The Tomatometer rating – based on the published opinions of hundreds of film and
television critics – is a trusted measurement of movie and TV programming quality
for millions of moviegoers. It represents the percentage of professional critic reviews
that are positive for a given film or television show.
From the Critics
From RT Users Like You!
The Tomatometer is 60% or higher.
The Tomatometer is 59% or lower.
Movies and TV shows are Certified Fresh with a steady Tomatometer of 75% or
higher after a set amount of reviews (80 for wide-release movies, 40 for
limited-release movies, 20 for TV shows), including 5 reviews from Top Critics.
Percentage of users who rate a movie or TV show positively.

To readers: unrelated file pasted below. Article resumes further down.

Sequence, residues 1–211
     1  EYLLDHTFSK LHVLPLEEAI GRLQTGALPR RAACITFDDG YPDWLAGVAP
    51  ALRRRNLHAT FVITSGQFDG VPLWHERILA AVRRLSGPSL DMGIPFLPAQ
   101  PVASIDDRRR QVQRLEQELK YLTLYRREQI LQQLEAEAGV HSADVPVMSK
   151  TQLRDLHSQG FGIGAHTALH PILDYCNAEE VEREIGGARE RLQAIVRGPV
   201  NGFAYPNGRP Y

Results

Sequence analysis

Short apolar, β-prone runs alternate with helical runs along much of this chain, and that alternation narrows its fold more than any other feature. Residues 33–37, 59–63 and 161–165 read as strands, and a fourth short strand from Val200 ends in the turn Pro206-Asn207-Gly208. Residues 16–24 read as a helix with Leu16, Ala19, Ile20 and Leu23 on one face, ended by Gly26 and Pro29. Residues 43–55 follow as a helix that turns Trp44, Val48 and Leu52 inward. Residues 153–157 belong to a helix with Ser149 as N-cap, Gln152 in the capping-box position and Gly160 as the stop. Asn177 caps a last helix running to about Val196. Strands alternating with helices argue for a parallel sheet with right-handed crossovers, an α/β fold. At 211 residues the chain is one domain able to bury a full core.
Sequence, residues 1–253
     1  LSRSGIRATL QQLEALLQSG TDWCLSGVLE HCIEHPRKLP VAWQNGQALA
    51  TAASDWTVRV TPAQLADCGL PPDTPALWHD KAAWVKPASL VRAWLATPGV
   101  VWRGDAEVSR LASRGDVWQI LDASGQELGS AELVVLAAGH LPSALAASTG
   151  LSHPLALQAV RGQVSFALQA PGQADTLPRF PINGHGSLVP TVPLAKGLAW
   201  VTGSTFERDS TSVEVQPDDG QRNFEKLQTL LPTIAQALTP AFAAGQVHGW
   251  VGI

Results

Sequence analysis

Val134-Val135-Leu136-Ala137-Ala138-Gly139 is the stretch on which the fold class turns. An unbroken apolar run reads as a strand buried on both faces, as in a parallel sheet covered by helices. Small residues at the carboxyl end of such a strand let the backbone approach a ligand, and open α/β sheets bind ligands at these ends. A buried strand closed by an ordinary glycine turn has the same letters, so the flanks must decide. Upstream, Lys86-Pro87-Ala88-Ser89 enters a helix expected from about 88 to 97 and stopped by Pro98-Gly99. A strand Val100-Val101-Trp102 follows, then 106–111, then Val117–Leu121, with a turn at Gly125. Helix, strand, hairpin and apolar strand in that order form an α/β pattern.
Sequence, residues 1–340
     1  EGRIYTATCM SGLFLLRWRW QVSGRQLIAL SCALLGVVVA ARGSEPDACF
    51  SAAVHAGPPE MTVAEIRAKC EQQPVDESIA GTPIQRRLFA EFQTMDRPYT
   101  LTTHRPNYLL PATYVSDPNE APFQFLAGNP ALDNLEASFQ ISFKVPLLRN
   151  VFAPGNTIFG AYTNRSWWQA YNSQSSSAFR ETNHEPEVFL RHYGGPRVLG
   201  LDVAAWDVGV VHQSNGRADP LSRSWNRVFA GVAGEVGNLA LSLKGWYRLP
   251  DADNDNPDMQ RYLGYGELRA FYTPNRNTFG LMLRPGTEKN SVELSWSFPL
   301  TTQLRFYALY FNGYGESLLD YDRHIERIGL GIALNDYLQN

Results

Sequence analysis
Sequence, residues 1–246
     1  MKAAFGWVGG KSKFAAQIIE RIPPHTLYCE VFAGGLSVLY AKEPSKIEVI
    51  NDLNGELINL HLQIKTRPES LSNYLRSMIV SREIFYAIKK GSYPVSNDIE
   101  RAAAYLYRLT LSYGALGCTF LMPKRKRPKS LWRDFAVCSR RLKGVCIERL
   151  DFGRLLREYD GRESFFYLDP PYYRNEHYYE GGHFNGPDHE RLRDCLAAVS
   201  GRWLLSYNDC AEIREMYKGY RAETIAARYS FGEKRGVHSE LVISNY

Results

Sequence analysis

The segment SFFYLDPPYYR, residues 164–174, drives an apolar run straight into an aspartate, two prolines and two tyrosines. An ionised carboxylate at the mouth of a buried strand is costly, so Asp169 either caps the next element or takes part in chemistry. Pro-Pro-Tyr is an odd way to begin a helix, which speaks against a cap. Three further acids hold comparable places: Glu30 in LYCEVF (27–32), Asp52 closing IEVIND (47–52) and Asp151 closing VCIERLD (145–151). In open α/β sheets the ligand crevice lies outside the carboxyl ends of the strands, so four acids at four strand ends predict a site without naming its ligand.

American actor Shepperd Strudwick (born and occasionally credited as John Sheppard studied drama at the University of North Carolina, not far from his home town of Hillsboro. Strudwick was a member of the University's Carolina Playmakers, which boasted such alumni as Kay Kyser, Andy Griffith, George Grizzard and Sidney Blackmer. After a few years in outdoor drama productions and regional theatre, Strudwick headed for Broadway in the early '30s; the actor's more celebrated New York stage credits included the 1932 Pulitzer Prize winner Both Your Houses near the beginning of his career and Who's Afraid of Virginia Woolf? near the end. In 1940, Strudwick was signed for films, but the producers of his first picture, Congo Maisie (1940), found the actor's name too stiff and formal for romnatic leading roles; thus, Shepperd Strudwick spent most of the '40s acting under the cognomen John Shepperd. Outside of the lead in 20th Century-Fox's The Loves of Edgar Allan Poe, John Shepperd/Shepperd Strudwick didn't exactly set the world ablaze as a movie star, so he went back to the stage, returning to Hollywood in the late '40s under his real name. Strudwick wasn't leading man material, but he was superb in roles calling for a blend of dignity and intensity. Arguably the best of his many film roles was as the guilt-ridden doctor and erstwhile assassin in the Oscar-winning All the King's Men (1949). In addition, Strudwick was a regular on two popular video soap operas, Love of Life and Another World. Shepperd Strudwick continued contributing first-rate characterizations to TV, movie and stage productions into the '70s; one of his last theatrical roles of note was as the ill-fated Cmdr. Lloyd Bucher in a dramatization of the "Pueblo" incident.